Time for retirement savings access for all workers

For many workers, the economic outlook may be getting brighter, but confidence in their retirement prospects remains dim.

In the recent Putnam Lifetime Income Score survey, 65% of households expect the economy to grow in the coming year, while 60% lack confidence in being financially ready for retirement.

How can we boost confidence in a secure retirement? By renewing the commitment to effective workplace retirement plans. Research shows that people are more likely to save for retirement if they have access to a savings plan at work. But, according to a 2012 Bureau of Labor Statistics analysis, 32% of all working Americans do not have access to a retirement plan at work. Of the 68% of workers that do have a workplace plan, 54% participate.

Fortunately, we are seeing a growing momentum to expand access to workplace savings.

  • The Automatic IRA Act, reintroduced this year by Rep. Richard Neal, would provide an automatic savings vehicle for all workers, unless they choose to opt out. Also, Neal’s proposed Retirement Plan Simplification and Enhancement Act would offer opportunities for businesses to start employees in the plan at higher contribution rates.
  • In addition to the national discussion under way, some states are moving forward on this issue. Last year, the state of California approved a statewide retirement savings program for workers without access to a retirement plan at work. And this year, legislators in Oregon are considering a study to develop a similar retirement plan.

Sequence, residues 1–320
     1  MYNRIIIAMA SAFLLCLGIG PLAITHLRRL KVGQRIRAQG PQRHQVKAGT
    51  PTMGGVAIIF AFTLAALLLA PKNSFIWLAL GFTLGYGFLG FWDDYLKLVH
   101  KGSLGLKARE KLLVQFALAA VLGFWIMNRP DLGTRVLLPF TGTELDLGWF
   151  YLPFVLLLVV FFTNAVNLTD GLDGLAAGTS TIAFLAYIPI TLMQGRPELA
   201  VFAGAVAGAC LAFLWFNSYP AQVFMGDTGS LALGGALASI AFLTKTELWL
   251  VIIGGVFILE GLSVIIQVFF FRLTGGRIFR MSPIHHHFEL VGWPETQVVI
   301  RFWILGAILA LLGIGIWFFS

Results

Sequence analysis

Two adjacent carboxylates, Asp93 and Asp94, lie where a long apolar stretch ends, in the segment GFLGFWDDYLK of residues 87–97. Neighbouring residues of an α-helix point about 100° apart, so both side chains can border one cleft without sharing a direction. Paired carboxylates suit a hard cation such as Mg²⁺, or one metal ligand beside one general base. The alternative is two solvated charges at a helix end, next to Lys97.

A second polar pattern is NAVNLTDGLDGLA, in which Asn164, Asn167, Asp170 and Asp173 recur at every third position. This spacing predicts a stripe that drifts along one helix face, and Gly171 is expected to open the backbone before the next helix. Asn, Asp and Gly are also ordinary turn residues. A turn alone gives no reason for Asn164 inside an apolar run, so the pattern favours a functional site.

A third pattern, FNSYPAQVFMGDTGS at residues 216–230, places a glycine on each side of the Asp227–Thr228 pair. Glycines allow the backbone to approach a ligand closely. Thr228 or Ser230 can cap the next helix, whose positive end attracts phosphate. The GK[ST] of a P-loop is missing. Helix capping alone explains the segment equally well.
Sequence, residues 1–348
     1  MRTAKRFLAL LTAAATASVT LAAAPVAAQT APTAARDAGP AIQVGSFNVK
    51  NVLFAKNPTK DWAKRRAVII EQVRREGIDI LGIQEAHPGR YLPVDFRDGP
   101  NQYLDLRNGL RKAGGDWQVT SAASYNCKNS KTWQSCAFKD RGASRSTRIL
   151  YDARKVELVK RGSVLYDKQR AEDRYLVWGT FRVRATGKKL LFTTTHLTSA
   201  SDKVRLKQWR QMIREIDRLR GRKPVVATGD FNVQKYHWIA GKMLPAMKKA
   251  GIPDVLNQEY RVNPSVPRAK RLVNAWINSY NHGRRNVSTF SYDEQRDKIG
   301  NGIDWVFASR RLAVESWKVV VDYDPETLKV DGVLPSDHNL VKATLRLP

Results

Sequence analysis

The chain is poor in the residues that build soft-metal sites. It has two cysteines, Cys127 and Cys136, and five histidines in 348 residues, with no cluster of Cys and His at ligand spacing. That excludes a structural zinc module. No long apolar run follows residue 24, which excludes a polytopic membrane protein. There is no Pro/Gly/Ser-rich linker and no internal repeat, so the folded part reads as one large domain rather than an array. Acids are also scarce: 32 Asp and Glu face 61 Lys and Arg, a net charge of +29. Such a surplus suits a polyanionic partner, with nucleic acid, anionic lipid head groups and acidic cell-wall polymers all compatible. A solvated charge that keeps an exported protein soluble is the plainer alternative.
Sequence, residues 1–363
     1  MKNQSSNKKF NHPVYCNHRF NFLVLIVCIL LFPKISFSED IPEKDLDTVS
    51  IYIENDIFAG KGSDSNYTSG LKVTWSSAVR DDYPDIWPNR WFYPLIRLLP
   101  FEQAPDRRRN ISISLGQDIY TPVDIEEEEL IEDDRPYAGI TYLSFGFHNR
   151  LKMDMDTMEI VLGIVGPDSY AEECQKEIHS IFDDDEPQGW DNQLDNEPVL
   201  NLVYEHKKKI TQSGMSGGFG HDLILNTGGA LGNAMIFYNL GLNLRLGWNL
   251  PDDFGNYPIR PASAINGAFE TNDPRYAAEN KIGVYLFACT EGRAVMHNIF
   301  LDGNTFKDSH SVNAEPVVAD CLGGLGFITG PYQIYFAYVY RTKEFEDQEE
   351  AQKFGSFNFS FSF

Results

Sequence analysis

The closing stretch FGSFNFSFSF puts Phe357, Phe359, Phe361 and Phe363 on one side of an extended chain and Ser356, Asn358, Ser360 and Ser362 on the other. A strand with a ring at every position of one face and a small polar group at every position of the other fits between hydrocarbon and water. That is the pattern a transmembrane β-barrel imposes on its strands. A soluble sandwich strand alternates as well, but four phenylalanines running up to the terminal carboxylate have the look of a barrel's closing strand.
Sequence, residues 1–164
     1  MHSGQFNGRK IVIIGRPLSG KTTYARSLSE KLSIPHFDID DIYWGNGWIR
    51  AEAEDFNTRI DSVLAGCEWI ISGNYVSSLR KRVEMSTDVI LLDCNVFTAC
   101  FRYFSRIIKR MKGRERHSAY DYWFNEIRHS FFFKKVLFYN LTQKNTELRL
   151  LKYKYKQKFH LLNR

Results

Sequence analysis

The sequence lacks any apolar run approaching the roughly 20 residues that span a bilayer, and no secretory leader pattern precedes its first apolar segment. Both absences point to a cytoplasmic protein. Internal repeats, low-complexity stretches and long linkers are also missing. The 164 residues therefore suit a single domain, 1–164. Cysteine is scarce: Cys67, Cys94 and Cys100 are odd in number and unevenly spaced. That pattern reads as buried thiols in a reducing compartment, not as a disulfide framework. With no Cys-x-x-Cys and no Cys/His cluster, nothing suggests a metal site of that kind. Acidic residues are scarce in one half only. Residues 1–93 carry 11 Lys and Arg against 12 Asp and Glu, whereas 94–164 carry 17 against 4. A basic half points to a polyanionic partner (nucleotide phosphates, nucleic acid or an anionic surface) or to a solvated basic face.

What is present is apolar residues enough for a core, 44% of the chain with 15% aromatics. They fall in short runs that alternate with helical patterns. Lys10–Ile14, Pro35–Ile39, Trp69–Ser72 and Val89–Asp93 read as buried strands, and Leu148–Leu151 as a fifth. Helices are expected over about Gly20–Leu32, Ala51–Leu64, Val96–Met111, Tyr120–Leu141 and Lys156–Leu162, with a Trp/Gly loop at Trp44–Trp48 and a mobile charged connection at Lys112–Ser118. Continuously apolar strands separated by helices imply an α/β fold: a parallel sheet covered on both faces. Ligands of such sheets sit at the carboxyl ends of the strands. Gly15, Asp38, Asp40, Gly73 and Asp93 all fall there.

• And the public discussion is growing louder, with corporate leaders calling for solutions to the enormous challenges of financing America’s entitlement programs and facing up to our rising longevity.

Whether the action is national or local, the challenges facing today’s workers trying to save for retirement are the same. There will undoubtedly be many proposals, but the goal is a singular one: to expand workplace savings and help workers become better prepared for retirement. In my view, this is quite achievable, especially with continued dialogue around forward-looking ideas and innovation.